Bookish Birthdays: Anne Sexton

9th Nov 2011

We bid happy birthday to the incredible poet who wrote To Bedlam and Part Way Back...

The youngest of three daughters, she grew up in a large house with servants and a summer compound in Maine.

However, Anne’s upbringing was far from happy: her father, a woollen manufacturer, fell into alcoholism, and her mother’s own literary ambitions went unfulfilled.

Anne’s closest relationship was with her unmarried great aunt, Anna Dingley, and she was devastated when her beloved ‘Nana’ suffered a nervous breakdown and was removed to an asylum.

In 1948, Anne eloped with Alfred Sexton, known as ‘Kayo’. They had two young children and in 1954 Sexton suffered her first manic episode.

A year later, she entered the Glenside Hospital. Her analyst, Dr Martin Orne, encouraged Anne to write as a form of therapy.

Anne was diagnosed with bipolar disorder. During their sessions, Dr Orne employed hypnosis and drugs to uncover supposedly repressed memories – including disputed allegations of childhood sexual abuse.

Dr Orne’s treatment methods – and his decision to release tapes of his sessions with Anne to a biographer – proved highly controversial.

Sexton began attending writers’ workshops in Boston and met other emerging poets including Sylvia Plath, Denise Levertov, and Maxine Kumin, with whom she wrote four children’s books.

Anne’s first poetry collection, To Bedlam and Part Way Back, was published to acclaim in 1960, followed by The Starry Night (1961), All My Pretty Ones (1962), and Live or Die, for which she won the Pulitzer Prize in 1967.

Anne’s poetry is often labelled as ‘confessional’. She rebelled against the term, describing herself as a ‘storyteller’. In her best work, Sexton explored a world of love and madness, inhabited by a modern suburban housewife who seemed, at first glance, to have it all.

By the late 1960s, Anne Sexton – a glamorous, charismatic figure – was performing in her own jazz-rock band. She wrote four more volumes of poetry: Love Poems (1969); Transformations (1971); The Book of Folly (1972); and The Death Notebooks (1974.)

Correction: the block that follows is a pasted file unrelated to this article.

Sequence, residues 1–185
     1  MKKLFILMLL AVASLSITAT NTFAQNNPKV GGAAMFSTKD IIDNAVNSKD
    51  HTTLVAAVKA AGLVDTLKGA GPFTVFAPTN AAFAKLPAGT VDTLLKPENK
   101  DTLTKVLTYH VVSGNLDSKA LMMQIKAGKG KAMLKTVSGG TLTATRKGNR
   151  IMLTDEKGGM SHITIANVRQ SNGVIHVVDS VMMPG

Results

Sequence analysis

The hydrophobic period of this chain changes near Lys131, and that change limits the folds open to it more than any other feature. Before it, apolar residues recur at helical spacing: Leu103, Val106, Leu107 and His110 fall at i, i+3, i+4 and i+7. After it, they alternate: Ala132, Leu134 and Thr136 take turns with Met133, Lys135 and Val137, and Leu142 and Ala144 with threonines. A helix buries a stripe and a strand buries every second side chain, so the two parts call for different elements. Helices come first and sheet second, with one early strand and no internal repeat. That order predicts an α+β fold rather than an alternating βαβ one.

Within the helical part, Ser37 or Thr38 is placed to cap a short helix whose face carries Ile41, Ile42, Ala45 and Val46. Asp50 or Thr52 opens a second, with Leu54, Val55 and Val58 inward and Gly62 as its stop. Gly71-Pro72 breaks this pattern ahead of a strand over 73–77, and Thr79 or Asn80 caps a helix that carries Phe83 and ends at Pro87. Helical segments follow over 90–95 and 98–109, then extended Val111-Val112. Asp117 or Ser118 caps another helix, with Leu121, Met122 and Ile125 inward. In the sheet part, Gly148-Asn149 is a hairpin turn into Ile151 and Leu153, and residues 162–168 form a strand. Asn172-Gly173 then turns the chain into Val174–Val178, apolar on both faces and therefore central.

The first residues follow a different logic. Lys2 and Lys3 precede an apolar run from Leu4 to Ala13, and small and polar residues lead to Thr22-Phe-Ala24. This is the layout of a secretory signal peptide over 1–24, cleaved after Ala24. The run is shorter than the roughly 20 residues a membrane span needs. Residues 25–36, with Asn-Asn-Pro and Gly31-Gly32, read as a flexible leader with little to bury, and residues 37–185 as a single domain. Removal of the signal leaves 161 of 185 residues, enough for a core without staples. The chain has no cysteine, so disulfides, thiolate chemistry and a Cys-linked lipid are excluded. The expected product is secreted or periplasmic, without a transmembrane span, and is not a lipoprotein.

In her best work, Sexton explored a world of love and madness, inhabited by a modern suburban housewife who seemed, at first glance, to have it all.During this period, Anne also produced a play, Mercy Street. However, her confidence was shaky, and her reasoning impaired by decades of addiction, to alcohol and prescribed medication. In her final years, Sexton became estranged from friends due to her volatile behaviour.

In 1973, Anne Sexton divorced her husband. On October 8th 1974, after revising a final manuscript, The Awful Rowing Towards God, she put on her mother’s fur coat, and committed suicide by inhaling gas from the engine of her car.

Diane Middlebrook’s biography of Sexton was published in 1991. Anne’s daughter and literary executor, Linda Gray Sexton, published her own memoir, Searching for Mercy Street, in 1994.

Since Anne’s death, two more books of her poetry have appeared; 45 Mercy Street (1976), and Words for Doctor Y (1978). Her Complete Poems are now available in a single volume, as well as a shorter Selected Poems. Her letters are published in A Self-Portrait in Letters (1977), and her prose is collected in No Evil Star (1978.)

The line between Sexton’s life and art has too often been overlooked. ‘Anne Sexton is one of the writers by whom our age will be known and understood in times to come,’ Erica Jong wrote in an obituary for the New York Times:

‘Some people – including other poets – were embarrassed by her poetry and sought to denigrate it, perhaps because it was so naked and painful that it exposed the hypocrisies they lived by (and even, at times, wrote by).’


  • Jessica says:

    I have never read any of Anne Sexton’s work but I think I will after reading this article. Thank you for finding me a new author to enjoy 🙂